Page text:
A Danish researcher argues that our 40 hour work week is an outdated model, and that we would all be better off working just 25 hours instead. That would give people more time with their families, and lead healthier lives.
But there is a catch: we’d have to work until the ripe age of 80.
This article was published by Global Toronto on February 19th, 2013. To see this article and other related articles on Global Toronto website, please click here
Those who employ seniors welcome the idea.
“Research has shown, and so have our members, that when they keep working, they’re by in large healthier,” says Susan Eng, vice-president of CARP. “They stay socially connected, they feel useful, they have the dignity of work and all of that leads to healthier population.”
However, those with an eye on the economy aren’t so sure.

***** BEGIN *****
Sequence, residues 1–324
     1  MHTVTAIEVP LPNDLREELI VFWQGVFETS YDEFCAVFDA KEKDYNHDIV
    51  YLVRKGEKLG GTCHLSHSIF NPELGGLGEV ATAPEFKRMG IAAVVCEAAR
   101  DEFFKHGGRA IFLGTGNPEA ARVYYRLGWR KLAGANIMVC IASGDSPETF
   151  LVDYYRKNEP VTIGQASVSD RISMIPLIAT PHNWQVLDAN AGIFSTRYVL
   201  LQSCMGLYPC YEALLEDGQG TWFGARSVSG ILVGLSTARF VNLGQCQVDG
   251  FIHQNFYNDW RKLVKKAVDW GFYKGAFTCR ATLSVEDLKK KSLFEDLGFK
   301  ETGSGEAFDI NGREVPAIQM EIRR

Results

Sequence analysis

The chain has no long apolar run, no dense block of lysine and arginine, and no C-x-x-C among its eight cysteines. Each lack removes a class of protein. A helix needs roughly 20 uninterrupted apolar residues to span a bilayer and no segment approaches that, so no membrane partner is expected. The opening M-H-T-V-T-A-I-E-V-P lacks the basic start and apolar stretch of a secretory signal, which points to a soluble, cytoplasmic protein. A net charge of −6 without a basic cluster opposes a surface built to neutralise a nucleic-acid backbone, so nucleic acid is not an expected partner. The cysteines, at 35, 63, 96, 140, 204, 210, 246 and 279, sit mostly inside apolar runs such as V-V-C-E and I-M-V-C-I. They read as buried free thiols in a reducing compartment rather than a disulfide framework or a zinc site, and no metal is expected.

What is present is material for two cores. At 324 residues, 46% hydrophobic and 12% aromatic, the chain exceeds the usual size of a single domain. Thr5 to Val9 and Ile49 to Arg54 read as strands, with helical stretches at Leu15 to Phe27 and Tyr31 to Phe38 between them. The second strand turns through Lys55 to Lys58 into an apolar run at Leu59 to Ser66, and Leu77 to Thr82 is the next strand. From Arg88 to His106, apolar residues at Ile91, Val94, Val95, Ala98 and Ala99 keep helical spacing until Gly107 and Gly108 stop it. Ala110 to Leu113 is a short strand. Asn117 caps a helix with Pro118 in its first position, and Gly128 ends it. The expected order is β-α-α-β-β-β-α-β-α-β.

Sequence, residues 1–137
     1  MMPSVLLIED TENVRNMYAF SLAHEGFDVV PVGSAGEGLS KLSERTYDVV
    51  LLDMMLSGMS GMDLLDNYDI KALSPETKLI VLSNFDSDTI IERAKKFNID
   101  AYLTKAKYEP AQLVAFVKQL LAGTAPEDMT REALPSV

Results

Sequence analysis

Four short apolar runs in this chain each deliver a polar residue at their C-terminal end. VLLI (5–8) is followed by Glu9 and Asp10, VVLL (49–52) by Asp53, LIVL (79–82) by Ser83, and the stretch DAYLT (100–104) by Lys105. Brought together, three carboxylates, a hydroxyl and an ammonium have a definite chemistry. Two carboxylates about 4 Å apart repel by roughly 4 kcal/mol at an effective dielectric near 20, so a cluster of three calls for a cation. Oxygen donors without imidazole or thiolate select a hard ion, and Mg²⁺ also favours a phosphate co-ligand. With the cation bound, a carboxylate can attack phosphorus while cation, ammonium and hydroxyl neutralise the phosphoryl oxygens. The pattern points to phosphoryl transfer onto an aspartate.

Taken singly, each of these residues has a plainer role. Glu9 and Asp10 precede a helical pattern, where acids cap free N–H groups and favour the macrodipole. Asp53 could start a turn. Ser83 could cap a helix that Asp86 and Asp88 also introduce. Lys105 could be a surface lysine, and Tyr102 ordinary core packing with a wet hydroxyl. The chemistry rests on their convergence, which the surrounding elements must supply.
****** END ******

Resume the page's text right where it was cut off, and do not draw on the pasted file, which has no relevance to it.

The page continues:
“Our markets are built on a 40 hour work week, the financial system is predicated on a 40 hour work week, so you’re really asking some very major players to change the way they play the game,” argues Dr. Eric Kam, professor of economics at Ryerson University. “Are you going to do twice the amount of surgeries? Pull out twice the amount of teeth? I think it makes a less competitive workforce.”
The researcher at the centre of the study disagrees.
“As long as the same total amount of work gets done, the economy will be the same size,” says professor James W. Vaupel, from the Max-Planck Odense Center on the Biodemography of Aging.
He adds it could also lead to tax breaks.
“Another thing to think about is income transfer, the amount of money younger people have to make to support the older generation. If more people work, then taxes will be lower.”